A lot has happened since our last update. Our WASH project in Ethiopia is progressing well: The Homecha spring has been tapped and the work to provide drinking water to over 7,200 people is going well!
In a nutshell: What’s new?
- The construction of the water kiosk in Hawasso village is finished
- All households have built their own toilets
- Native tree species are now being planted for the protection and sustainable use of the Homecha spring
- There are 29 new trainers for hygiene promotion
The drinking water project at a glance
- With every cup of coffee you contribute to providing 37,100 people in Ethiopia with access to clean drinking water.
- The project takes place in the Limu region, Ethiopia, in various villages. Partner in the implementation on site is the Welthungerhilfe.
- The project should be fully implemented by the end of 2017.
- Project volume: 680,000 € – 437,000 € of which has already been financed.
The project consists of 3 sub-projects
- Clean drinking water for Doyo Bikilla: In the meantime, the Homecha spring is fully financed. Currently you can support the treatment of the Shaki spring.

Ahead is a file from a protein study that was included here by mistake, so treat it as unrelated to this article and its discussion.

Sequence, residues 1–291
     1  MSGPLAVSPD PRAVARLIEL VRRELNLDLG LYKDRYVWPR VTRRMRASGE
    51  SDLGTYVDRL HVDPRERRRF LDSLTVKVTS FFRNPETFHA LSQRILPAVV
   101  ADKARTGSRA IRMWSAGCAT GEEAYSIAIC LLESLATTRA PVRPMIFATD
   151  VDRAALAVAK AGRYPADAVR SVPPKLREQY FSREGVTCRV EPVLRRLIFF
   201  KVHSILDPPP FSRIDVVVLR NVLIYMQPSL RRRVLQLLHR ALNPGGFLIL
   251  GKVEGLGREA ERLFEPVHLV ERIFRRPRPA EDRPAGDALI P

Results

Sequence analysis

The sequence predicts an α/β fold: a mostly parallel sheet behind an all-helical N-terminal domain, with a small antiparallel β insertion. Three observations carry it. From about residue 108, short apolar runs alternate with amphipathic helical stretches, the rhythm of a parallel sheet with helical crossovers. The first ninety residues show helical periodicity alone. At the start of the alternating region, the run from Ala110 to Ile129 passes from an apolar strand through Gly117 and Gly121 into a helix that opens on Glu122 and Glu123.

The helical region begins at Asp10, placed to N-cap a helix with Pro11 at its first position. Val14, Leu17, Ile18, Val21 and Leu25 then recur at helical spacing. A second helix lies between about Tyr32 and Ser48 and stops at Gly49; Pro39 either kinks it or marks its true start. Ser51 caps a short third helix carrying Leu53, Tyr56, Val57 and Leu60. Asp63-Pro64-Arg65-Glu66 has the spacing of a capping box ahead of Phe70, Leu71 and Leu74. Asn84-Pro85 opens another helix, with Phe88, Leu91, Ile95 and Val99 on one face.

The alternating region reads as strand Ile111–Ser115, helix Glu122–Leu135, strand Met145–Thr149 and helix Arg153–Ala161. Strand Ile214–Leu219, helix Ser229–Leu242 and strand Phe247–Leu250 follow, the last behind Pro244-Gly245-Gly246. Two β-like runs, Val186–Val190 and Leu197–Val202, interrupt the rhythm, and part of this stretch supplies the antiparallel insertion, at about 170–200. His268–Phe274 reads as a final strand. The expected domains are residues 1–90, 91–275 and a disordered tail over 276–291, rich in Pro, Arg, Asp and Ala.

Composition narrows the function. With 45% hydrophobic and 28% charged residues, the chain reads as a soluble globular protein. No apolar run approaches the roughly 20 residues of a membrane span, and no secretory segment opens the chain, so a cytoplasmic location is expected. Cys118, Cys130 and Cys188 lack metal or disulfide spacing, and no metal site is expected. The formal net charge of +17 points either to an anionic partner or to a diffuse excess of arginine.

- Sanitation for the cooperatives: The rehabilitation and construction of toilet facilities for more than 18,900 people improves the hygiene conditions enormously.
- Hygiene training for the coffee cooperatives: We help the people of the coffee region deal with clean drinking water and the issue of hygiene.
Together with our WASH team, residents expand the Homecha Source
The Homecha spring is located between the Kebeles Doyo Tolie and Doyo Bikila and will soon be able to supply 7,200 people with clean drinking water. Two water reservoirs, where the water is collected, have already been completed. The drinking water is piped to the water kiosks, where residents can collect their water. The construction of the water kiosks in the villages of Melko and Haro shows great progress, and in Hawasso it has even been completed! The pipeline has also been installed, it now connects the 100 sqm water reservoir to the Homecha spring.
In the video you can see a scene during the installation of the pipes. The villagers can hardly wait to finally use the source.
The source must not be overused